By Caroline Fiennes
Since there are so many ways that charities and funders can use their finite resources, they must make choices: choices between competing goals (reduce homelessness or reduce child poverty), between competing approaches (reduce homelessness by providing more housing or by lobbying), and between competing target groups (provide more housing in Hull or in Halifax?).
So understanding the impact (or even potential impact) of various programmes or organisations is fundamentally a comparative exercise. The important question is: “What does the impact and associated risk of Programme A relative to that of Programme B suggest about how we should allocate our limited resources?”
The normal question of “What is the impact of Programme A?” is pretty unhelpful. Often this question is, in principle, impossible to answer, but even when it isn’t, it’s not helpful. Let’s suppose that Programme A is one whose impact is known: it’s an education programme whose effect is evident in children’s scores in year-end tests, and that it increases those scores by 10 percent on average. Let’s further suppose that we know the unit cost, which is £50 per child. (By the way, this is a great deal more clarity on impact than is normally available.)
Well great, but this still doesn’t help because the choice wasn’t between doing Programme A and doing nothing. The choice is always between competing alternatives, so at a minimum, you need data on two alternatives. The key question for impact-istas is “How does our impact (or that of a programme we might run/fund) compare to what our impact could be if we did something else? That is, are we taking the best approach, or are we leaving value on the table?” Therefore, we need to figure out what information do we need in order to see if we’re on the best track or if we could improve.
Like most good insights, this sounds rather obvious – but you wouldn’t guess it from much of the discourse about impact.
For instance, I talk to many charities and donors who want to know what their total impact is. Suppose they knew, and let’s say that they prevented 274 people from becoming homeless, which cost £10,000 per person. So what? What does that suggest about where they could improve, which parts of their brilliant model they should share with others, and which parts of their work are superfluous (or even counterproductive) and should be dropped?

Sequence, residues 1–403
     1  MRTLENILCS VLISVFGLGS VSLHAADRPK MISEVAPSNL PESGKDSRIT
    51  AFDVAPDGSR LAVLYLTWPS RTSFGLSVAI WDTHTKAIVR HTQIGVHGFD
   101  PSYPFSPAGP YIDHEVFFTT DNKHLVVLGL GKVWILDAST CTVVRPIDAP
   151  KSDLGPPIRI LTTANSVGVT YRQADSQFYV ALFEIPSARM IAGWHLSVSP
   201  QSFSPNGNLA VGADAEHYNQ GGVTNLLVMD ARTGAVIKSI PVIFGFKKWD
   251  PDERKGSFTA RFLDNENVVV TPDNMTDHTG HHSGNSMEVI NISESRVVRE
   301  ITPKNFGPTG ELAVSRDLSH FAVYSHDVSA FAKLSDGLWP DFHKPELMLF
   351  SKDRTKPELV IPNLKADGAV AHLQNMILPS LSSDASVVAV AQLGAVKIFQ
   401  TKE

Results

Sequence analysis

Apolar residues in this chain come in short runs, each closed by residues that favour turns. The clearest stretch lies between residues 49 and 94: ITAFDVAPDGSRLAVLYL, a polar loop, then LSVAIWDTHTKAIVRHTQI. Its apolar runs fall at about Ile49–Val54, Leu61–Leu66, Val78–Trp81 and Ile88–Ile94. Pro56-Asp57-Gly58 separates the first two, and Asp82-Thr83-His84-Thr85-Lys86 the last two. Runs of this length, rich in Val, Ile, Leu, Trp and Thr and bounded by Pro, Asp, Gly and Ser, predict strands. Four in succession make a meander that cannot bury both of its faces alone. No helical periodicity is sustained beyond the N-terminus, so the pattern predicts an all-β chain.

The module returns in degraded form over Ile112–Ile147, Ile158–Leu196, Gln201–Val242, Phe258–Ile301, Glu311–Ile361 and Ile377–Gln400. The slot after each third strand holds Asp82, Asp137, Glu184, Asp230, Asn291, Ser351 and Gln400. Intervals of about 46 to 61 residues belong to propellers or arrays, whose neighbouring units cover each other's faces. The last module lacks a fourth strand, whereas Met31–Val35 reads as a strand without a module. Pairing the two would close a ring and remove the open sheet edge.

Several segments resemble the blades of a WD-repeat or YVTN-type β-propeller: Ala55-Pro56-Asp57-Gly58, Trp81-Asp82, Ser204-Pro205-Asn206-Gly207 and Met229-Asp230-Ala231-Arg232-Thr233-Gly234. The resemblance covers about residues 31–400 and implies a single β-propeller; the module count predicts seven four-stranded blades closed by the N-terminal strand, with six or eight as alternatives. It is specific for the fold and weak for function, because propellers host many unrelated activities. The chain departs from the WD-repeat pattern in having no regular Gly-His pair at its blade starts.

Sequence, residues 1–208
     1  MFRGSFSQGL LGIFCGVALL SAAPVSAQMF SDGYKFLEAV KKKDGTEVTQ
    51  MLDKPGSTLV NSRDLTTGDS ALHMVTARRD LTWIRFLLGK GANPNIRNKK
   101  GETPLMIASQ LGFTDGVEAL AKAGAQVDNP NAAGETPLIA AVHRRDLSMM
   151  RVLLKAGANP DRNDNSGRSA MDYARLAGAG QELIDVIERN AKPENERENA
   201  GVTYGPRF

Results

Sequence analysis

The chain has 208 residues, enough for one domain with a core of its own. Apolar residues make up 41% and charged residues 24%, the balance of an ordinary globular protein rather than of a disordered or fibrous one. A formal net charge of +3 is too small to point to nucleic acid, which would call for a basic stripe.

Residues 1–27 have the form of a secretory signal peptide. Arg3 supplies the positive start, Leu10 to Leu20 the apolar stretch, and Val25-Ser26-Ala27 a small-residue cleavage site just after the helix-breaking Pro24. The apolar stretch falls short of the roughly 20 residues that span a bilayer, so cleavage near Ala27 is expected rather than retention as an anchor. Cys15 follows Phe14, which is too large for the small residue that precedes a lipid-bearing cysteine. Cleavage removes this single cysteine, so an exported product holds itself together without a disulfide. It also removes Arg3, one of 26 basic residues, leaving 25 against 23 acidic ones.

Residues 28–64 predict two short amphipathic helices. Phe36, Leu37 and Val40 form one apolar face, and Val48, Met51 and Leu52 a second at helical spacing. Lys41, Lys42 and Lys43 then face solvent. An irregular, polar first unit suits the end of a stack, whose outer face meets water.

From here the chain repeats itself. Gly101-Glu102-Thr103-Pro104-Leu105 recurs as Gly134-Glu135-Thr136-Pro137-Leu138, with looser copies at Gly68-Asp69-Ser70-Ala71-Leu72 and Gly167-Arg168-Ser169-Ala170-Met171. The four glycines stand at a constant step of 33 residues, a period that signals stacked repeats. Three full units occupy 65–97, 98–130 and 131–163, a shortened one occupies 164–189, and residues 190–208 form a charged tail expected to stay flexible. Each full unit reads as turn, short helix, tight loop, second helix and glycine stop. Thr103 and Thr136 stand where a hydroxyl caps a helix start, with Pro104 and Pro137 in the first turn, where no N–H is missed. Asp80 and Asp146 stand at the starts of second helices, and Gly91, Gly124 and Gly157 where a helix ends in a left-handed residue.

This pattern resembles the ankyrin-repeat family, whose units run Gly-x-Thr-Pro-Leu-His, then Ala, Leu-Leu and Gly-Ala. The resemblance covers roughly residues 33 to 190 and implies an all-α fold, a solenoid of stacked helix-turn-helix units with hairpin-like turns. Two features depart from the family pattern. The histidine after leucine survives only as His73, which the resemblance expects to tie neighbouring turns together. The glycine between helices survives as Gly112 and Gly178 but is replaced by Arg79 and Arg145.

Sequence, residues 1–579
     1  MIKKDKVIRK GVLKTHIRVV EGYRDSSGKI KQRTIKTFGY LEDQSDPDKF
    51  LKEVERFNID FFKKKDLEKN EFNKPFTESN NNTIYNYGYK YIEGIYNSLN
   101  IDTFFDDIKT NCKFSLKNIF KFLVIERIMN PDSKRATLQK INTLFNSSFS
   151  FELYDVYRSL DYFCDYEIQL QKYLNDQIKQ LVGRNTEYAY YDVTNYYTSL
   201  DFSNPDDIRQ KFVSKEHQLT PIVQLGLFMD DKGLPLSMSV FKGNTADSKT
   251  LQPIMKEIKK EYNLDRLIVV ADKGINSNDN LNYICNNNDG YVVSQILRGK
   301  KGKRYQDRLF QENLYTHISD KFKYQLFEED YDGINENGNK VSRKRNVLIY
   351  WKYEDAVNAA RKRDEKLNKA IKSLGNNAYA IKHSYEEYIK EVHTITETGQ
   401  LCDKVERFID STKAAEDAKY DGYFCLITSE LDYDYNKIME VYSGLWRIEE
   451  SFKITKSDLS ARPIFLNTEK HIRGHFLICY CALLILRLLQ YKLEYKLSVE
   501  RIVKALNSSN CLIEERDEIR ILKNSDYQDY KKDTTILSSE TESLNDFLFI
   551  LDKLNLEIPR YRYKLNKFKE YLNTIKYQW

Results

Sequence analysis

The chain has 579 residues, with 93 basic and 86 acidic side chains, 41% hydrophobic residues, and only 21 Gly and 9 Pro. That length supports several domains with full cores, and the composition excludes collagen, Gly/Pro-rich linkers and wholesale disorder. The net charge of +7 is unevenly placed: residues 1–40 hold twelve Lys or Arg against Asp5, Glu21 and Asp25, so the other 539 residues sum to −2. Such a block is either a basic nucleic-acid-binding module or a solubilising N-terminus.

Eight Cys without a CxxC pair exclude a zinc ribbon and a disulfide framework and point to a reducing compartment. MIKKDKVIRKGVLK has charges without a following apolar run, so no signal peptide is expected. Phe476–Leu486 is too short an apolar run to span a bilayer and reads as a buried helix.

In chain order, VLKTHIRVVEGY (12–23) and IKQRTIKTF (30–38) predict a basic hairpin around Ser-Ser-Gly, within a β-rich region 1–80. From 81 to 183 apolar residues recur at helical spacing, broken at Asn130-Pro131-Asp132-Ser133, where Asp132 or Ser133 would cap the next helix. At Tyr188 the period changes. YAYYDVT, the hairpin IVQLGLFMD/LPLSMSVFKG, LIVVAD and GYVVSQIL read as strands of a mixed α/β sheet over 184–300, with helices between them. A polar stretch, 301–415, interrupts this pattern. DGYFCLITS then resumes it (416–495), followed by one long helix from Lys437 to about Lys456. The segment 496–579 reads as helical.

Nothing. It’s operationally useless. There is not one management decision for which those impact data are useful.
I often wonder why people ask this question. They sometimes imply they want to report to some external entity – a funder or board perhaps. But either that entity is going to use the information, in which case it needs to be compared with something for the reasons discussed, or they’re not, in which case reporting on it is pointless. Maybe I’m missing something.
How shall I compare thee…?
The trick is to make comparisons between options which are comparable. Do other programmes prevent the homelessness of comparable people more cheaply? Can other approaches improve students’ ability to pass tests more cheaply or quickly? These are useful questions because they can be used in management decisions: they address the central question above, by showing whether we’re on the best track or if (or where) we could improve. Hence in several spheres – such as international development, health and education – “multi-arm studies” are common, which compare the effect of several programmes.
The comparison could just be between one organisation’s performance over time. But again, it’s not useful simply to know whether impact is rising or falling: rather, what’s useful is to know how a particular change the organisation made (changing its operational model, for instance) affected impact, because this informs the decision about whether to continue with that change or to revert.
In many spheres, much information about effects, comparative effects and comparative costs of competing approaches is available – publicly and freely – for instance from academics or other independent sources. Charities and funders looking to see whether they’re on the best track and if/where they could improve would do well to use it.
Take me to your ruler
The problem, of course, is that often options are not comparable. The units of improved education are totally different to those of better air quality or preserved heritage or good medical research. Hence, we cannot use the same “ruler” for them all: each social impact measurement only works for a few activities. [The various attempts to squash multiple dimensions into single units – to develop a ruler for any sector – are incoherent, I suspect.]
So for an organisation which runs or funds multiple types of work, the answer to “What’s our impact?” will normally include several pieces in different units.
This should be no surprise. Consider the question of “How is the economy doing?” You’d expect the answer to include various quantitative measures – GDP/capita, growth, unemployment, and perhaps social mobility, inequality and even happiness – as well as some narrative assessment. Such information as we find in most newspapers on most days.
As impact-istas, we need better rulers and better ways of measuring. But no ruler in and of itself shows whether one line is longer than another, nor how any line could make itself longer or better over time. Understanding impact may be possible in isolation: increasing and maximising impact is fundamentally a comparative exercise.
Caroline Fiennes (@carolinefiennes) is director of Giving Evidence, a consultancy and campaign promoting charitable giving based on evidence. She authored It Ain’t What You Give, It’s The Way That You Give It which covers these issues in more detail. She serves on boards of The Cochrane Collaboration, the US Center for Effective Philanthropy, and Charity Navigator, the world’s largest charity ratings agency.